October is National Disability Employment Awareness Month. Below is the official government explanation of what that is. The question is, what does that mean to you. If you’re not injured, maybe it’s, “Wow, that would be a hassle.”
If you are injured and unemployed (Household income for those who reported being paralyzed is heavily skewed towards lower income brackets and is significantly lower than household income for the country as a whole as reported by the U.S. Census — from our Paralysis Population survey.)
I’m thinking about Harold, and Donna, and Bill, who are in wheelchairs and work for us. That is sort of too easy, I guess. Of course we have people in wheelchairs working here. But I have to tell you, after about the first two weeks I was here, I stopped seeing their chairs. And second, these folks work here because they are good at what they do, not because of their chairs.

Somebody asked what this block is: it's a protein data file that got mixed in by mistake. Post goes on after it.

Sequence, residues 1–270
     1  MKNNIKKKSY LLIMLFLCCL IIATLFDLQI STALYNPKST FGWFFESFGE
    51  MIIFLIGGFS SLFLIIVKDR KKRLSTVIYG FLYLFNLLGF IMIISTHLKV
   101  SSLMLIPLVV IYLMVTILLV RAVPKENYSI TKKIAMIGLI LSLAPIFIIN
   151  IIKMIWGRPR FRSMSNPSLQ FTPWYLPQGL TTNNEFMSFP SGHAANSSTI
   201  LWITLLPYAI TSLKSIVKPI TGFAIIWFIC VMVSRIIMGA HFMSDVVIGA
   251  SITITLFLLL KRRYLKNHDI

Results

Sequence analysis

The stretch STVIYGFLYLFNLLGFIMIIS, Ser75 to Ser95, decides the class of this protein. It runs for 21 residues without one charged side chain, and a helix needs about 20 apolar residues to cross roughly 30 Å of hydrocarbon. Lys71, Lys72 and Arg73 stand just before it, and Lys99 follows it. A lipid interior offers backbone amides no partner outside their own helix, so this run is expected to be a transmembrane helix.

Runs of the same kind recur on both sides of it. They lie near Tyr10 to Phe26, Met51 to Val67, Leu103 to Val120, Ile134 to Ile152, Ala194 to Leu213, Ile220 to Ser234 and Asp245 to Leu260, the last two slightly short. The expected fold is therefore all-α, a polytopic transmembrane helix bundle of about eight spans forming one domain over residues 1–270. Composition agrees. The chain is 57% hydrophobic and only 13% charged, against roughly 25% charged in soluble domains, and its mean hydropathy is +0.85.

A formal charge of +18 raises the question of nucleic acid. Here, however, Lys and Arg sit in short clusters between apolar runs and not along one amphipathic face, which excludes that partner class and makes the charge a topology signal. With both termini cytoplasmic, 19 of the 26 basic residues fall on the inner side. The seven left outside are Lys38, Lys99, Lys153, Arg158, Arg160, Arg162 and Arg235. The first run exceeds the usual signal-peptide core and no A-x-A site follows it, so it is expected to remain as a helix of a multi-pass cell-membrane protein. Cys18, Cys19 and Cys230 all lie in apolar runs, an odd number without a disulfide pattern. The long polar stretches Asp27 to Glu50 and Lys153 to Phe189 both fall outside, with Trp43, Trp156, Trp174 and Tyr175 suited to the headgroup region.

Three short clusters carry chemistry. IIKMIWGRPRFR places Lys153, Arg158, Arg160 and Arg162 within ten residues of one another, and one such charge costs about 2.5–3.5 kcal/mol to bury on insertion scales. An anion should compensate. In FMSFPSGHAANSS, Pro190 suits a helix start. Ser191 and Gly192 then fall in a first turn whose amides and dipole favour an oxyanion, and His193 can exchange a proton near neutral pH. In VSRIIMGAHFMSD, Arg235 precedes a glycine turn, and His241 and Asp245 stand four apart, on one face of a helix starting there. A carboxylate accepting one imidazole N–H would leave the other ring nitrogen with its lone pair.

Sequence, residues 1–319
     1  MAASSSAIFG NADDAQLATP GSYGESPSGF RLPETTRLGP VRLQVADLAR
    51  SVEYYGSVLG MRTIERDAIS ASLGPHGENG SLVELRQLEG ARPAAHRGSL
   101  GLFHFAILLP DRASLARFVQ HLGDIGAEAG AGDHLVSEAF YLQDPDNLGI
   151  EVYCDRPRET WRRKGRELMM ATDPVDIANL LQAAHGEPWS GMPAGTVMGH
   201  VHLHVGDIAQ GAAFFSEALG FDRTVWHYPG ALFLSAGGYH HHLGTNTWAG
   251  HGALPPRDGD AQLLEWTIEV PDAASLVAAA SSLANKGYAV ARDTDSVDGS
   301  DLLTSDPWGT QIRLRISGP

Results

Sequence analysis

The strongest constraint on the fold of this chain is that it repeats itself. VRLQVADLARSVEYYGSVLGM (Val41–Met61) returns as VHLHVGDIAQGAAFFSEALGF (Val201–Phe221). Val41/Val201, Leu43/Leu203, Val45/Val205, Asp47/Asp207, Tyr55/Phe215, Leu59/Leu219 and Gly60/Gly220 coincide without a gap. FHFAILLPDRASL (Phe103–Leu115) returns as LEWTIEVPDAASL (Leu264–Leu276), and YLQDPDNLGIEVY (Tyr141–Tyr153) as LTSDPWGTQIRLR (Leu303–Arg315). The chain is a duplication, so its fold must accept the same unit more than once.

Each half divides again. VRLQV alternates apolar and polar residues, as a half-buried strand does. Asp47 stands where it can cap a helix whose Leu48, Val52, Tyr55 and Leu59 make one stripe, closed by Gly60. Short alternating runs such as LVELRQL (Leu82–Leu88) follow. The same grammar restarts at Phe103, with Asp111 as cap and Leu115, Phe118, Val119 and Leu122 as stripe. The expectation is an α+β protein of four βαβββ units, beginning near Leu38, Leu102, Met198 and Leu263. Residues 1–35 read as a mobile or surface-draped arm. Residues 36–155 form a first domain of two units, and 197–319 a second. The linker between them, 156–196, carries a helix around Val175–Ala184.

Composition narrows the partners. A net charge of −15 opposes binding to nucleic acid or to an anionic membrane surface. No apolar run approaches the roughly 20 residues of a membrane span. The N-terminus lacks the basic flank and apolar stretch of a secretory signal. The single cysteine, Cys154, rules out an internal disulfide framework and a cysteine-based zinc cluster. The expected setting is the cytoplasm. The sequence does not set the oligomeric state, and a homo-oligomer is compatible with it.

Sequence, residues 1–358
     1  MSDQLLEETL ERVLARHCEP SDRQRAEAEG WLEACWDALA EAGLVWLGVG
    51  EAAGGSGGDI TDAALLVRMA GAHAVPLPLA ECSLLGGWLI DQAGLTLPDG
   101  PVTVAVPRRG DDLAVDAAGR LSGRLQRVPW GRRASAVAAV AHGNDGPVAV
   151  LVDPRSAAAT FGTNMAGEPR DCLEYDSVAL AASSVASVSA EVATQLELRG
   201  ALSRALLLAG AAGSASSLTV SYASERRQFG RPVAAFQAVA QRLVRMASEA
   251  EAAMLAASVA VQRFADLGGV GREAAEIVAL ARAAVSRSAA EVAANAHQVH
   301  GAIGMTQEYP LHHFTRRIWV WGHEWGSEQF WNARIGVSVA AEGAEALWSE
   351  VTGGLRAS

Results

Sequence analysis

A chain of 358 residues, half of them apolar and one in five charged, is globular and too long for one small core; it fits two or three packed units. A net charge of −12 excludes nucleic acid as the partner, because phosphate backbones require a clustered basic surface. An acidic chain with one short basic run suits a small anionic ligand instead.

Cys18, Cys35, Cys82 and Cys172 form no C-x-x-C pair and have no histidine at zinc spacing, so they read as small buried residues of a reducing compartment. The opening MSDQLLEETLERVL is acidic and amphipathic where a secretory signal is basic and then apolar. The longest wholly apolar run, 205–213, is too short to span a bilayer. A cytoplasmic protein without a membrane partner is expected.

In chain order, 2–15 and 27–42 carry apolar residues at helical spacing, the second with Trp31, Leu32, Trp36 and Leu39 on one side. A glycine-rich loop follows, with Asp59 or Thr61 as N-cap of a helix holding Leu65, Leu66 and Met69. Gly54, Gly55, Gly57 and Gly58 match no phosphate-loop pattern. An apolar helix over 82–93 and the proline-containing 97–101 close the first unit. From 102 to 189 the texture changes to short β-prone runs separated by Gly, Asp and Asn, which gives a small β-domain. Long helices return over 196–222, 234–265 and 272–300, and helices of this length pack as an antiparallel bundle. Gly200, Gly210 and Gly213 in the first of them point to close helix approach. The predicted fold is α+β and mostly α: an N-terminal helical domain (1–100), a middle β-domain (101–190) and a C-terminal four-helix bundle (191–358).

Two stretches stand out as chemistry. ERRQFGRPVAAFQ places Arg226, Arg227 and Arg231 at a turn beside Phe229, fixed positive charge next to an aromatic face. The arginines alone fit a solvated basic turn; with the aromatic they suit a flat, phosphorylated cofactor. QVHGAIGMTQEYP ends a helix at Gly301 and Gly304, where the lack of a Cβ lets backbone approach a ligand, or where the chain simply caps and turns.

Prejudice comes from a lack of knowledge. It’s National Disability Employment Awareness month. Do yourself a favor and say “Hi” to someone in a wheelchair.
This effort to educate the American public about issues related to disability and employment actually began in 1945, when Congress enacted a law declaring the first week in October each year “National Employ the Physically Handicapped Week.” In 1962, the word “physically” was removed to acknowledge the employment needs and contributions of individuals with all types of disabilities. In 1988, Congress expanded the week to a month and changed the name to “National Disability Employment Awareness Month.” Read more.